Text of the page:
Ilve offers rangehoods for the passionate home cooks, as well as professional chefs. It’s dedicated to bringing the versatility and performance of its unique Italian brand to Australian kitchens. Renowned for continuous technological research and innovation, every Ilve rangehood is stated to be hand-assembled with care, ensuring each one is a work of culinary art.
Styles include BBQ/outdoor, canopy, concealed, island and slide-out hoods with streamlined electronic control panels. Some are also equipped with a twin turbine centrifugal fan to optimise air flow. This additional air consumption will cost you $3,499, but you can also score a 60cm under-cupboard model for around $549.
Now that we’ve wrapped up the different brands you might like to consider, there are several other aspects to think about when buying a new rangehood, in particular your budget. On average, consumers spend $540 on new rangehoods, our research shows. Our most recent survey also revealed the following insights:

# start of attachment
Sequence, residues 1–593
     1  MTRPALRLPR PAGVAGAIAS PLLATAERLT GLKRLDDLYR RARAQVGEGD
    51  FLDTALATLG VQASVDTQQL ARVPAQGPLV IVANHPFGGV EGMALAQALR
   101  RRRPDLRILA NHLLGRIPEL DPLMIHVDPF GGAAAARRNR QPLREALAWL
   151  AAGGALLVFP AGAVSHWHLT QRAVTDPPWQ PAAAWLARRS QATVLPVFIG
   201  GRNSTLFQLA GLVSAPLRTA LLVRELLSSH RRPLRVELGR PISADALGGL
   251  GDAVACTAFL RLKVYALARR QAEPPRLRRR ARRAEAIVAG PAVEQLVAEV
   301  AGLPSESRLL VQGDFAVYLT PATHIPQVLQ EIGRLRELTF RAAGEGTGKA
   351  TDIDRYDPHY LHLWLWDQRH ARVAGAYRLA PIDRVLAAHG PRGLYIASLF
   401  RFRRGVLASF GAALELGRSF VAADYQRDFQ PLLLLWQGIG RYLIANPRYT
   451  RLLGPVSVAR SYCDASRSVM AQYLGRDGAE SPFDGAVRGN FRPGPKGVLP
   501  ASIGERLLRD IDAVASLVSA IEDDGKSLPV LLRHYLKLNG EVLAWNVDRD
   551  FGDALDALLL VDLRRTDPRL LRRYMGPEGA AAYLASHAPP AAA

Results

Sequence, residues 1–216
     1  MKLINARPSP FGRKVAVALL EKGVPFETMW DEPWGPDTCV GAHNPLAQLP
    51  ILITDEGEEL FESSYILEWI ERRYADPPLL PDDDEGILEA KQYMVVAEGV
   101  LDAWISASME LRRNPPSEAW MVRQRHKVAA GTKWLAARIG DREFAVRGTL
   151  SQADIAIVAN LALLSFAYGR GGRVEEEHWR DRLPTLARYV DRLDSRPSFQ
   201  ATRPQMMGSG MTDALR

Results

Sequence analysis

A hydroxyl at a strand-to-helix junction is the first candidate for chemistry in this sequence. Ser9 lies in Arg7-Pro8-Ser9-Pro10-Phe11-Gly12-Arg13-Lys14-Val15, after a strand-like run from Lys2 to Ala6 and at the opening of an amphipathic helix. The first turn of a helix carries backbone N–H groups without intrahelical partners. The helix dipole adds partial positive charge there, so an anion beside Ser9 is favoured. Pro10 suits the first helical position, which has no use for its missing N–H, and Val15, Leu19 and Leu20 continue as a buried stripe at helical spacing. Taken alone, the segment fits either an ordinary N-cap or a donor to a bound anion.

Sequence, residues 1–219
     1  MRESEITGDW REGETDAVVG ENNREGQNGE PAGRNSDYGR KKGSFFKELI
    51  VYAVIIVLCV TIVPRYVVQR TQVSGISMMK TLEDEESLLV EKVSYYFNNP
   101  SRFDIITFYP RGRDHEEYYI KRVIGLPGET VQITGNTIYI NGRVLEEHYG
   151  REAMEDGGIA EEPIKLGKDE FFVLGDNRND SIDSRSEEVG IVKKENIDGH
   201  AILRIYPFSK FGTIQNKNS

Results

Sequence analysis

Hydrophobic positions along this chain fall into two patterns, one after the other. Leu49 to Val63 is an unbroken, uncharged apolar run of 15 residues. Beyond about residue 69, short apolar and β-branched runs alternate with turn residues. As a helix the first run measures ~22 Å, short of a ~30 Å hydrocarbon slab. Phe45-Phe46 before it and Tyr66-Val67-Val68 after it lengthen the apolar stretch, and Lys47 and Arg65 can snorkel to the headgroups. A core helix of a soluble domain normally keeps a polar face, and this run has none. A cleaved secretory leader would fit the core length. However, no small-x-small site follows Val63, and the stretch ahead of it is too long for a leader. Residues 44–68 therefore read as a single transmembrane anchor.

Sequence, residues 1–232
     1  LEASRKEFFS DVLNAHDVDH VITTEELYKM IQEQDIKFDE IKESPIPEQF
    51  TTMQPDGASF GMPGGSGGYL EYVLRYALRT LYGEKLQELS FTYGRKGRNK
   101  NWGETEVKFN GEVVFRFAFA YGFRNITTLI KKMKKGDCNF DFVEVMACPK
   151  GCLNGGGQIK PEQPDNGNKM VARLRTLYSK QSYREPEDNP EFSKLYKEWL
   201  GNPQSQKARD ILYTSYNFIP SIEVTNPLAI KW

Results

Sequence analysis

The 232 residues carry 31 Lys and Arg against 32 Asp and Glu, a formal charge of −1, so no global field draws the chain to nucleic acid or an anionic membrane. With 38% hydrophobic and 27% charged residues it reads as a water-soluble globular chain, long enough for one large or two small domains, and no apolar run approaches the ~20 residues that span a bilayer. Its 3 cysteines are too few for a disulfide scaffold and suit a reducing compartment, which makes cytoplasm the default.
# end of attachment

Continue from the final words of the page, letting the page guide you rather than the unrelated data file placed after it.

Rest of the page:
Half of our survey respondents (50%) indicated that they have a ducted rangehood, while 29% own a recirculating type. The difference between the two is that ducted rangehoods – also referred to as extractor rangehoods – offer better performance by extracting the cooking fumes from the kitchen and expelling them to the outside via ducting. Non-ducted or recirculating rangehoods, on the other hand, are designed for kitchens where there is no external vent, thus the rangehood extracts cooking fumes and passes them through active charcoal filters, recirculating the cleansed air back into the room. Once you know which option is suitable for your home, you can consider other key factors such as style, size, power settings and features.
Deciding on which type of rangehood to choose from will depend on your kitchen set up. All rangehood types are typically available in 60cm and 90cm widths, covering off the most common sizes of cooktops. Different styles include the following:
Depending on the type of rangehood, many models come with different lighting fixtures. You can choose from incandescent, florescent, halogen and LED. Some rangehood brands boast dimmable lighting, so you can select the level of light that works for you. It can also be used as mood lighting when you finish cooking!